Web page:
junit.framework.AssertionFailedError: pstr: ''tenletters' (0)'; num: 10 expected:<true> but was:<false>
	at org.incava.text.TestPosString.assertHasNumMore(TestPosString.java:51)
	at org.incava.text.TestPosString.testHasNumMore(TestPosString.java:131)

That actually shows that the test is incorrect: there are only 9 more characters from the initial position in the string. So we change the end of the range from 10 to 9 (that is, the range is 0 through 9), rerun, and the tests pass.

From the old class, we will pull the consume and consumeTo, amending their names and their code, starting with advanceTo, which is derived from the old consumeTo:

    public void advanceTo(String what) {
        while (this.pos < this.len && this.pos + what.length() < this.len && !this.str.substring(this.pos).startsWith(what)) {
            ++this.pos;
        }
    }

    public void testAdvanceTo() {
        assertCurrentChar('a', abc);
        abc.advanceTo("b");
        assertCurrentChar('b', abc);
        abc.advanceTo("c");
        assertCurrentChar('c', abc);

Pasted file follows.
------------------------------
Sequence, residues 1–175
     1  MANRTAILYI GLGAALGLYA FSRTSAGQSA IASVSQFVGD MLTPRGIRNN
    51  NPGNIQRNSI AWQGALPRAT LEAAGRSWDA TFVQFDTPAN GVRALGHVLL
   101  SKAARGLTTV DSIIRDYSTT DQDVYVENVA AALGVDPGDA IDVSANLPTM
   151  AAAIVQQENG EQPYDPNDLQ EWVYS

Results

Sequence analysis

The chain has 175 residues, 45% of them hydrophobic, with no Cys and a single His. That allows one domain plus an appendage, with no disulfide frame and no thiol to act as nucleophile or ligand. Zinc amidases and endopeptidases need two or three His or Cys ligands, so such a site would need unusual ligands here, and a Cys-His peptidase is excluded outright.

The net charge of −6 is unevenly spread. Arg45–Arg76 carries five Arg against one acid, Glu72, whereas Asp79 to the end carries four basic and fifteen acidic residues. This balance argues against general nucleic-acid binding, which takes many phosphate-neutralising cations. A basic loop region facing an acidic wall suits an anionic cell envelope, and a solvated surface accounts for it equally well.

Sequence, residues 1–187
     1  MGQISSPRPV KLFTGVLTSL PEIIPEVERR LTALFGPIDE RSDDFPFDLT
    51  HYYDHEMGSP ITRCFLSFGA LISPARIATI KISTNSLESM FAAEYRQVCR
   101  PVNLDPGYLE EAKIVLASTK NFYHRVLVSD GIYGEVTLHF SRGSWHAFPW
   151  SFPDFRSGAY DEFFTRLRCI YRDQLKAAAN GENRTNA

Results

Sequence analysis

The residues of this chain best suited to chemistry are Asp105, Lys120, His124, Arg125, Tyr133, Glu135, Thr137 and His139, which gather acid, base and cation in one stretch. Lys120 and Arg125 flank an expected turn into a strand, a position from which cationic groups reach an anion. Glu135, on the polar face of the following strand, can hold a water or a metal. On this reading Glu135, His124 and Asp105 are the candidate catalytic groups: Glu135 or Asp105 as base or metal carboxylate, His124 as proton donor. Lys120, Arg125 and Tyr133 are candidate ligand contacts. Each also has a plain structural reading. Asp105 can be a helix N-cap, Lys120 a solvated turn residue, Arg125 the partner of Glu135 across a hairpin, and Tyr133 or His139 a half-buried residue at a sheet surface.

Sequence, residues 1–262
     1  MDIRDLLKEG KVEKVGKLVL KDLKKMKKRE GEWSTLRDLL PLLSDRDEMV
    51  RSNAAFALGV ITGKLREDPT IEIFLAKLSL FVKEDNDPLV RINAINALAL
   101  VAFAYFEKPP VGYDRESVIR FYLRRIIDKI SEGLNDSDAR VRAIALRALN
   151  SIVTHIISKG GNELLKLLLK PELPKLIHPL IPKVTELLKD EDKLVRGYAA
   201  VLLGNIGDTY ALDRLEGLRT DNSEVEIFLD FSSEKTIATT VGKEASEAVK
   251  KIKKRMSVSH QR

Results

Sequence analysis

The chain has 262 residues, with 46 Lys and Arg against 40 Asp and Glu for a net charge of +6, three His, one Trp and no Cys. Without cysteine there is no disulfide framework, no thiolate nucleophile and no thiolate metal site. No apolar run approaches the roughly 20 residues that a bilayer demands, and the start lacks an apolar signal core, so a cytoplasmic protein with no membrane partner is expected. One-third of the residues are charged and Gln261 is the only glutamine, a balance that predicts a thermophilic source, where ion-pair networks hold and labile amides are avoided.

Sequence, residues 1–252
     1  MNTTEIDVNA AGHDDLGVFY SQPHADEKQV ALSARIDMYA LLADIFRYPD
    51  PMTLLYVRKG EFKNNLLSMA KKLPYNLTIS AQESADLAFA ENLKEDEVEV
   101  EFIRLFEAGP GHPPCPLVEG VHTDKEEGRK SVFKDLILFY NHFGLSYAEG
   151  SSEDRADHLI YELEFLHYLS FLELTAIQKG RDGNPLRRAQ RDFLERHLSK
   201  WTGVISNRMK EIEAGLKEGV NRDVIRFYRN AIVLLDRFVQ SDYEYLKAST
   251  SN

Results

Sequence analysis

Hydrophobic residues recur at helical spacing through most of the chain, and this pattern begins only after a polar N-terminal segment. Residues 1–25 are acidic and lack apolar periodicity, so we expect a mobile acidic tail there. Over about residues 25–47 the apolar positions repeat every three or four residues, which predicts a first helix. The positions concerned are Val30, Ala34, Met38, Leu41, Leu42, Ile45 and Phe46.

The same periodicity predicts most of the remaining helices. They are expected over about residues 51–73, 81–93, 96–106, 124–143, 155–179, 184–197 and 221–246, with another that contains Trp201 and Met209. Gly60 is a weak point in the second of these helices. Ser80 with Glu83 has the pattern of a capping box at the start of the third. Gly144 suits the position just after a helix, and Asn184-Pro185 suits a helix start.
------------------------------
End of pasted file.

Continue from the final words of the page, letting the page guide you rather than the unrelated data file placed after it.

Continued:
abc.advanceTo("d");
        assertCurrentChar(null, abc);
    }

That raises another question: what happens when we advance to the end of the string? Should the current character be the last one, or should it be null?

We'll amend it to be null, and clean up the code, which has too long of a conditional (and redundant, with the "pos < len && pos + n < len" statements,
adding a new method, isMatch:

        while (this.pos < this.len && !isMatch(what)) {
            this.pos++;
        }

    public boolean isMatch(String what) {
        return this.pos + what.length() <= this.len && this.str.substring(this.pos).startsWith(what);
    }

Bringing over the old consumeFrom method gives us a chance to use the new isMatch method, for clearer code:

    protected boolean consume(String what) {